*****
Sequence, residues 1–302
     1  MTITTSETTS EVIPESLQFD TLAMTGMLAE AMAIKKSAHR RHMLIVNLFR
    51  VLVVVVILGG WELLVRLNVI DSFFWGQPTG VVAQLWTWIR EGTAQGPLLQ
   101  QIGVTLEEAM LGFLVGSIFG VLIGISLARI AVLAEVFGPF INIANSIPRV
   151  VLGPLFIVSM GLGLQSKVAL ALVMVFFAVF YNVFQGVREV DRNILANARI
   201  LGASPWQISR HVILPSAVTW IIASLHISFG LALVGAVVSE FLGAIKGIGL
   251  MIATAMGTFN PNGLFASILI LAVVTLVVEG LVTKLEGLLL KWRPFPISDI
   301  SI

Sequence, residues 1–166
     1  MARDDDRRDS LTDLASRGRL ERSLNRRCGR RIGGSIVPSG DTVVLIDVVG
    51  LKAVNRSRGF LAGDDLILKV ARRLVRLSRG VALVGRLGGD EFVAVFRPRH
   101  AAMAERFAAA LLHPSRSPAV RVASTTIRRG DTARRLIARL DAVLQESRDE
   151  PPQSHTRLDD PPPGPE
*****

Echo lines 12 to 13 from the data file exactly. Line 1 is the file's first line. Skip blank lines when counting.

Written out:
   101  AAMAERFAAA LLHPSRSPAV RVASTTIRRG DTARRLIARL DAVLQESRDE
   151  PPQSHTRLDD PPPGPE